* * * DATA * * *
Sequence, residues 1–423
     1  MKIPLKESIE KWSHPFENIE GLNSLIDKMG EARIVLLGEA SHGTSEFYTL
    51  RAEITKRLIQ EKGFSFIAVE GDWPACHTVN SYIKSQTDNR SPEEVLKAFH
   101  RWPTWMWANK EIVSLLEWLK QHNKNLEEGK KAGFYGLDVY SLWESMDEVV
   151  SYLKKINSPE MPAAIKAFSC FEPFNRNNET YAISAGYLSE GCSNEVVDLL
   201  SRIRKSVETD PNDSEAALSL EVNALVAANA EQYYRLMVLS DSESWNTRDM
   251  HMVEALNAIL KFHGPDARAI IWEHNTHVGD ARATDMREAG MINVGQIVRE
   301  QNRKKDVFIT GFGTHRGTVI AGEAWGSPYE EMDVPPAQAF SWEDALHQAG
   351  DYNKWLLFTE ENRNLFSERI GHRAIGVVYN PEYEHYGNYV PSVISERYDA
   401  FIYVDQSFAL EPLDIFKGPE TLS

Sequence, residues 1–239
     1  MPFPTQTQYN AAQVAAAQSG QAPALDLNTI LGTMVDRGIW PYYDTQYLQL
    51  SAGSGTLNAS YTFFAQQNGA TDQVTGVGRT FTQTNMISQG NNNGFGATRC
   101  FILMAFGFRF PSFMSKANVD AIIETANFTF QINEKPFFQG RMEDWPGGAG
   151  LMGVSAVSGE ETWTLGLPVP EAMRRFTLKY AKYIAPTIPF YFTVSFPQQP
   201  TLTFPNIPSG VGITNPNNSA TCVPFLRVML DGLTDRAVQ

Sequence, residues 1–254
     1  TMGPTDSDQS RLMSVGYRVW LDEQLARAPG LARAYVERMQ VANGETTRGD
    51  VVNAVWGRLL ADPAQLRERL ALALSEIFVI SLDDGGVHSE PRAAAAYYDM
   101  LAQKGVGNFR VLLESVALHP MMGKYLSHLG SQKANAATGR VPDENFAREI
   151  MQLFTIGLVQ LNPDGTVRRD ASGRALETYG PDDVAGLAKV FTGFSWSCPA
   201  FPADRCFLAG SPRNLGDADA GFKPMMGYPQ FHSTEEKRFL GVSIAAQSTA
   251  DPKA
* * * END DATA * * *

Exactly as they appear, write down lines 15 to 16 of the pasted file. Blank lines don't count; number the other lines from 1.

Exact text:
   151  LMGVSAVSGE ETWTLGLPVP EAMRRFTLKY AKYIAPTIPF YFTVSFPQQP
   201  TLTFPNIPSG VGITNPNNSA TCVPFLRVML DGLTDRAVQ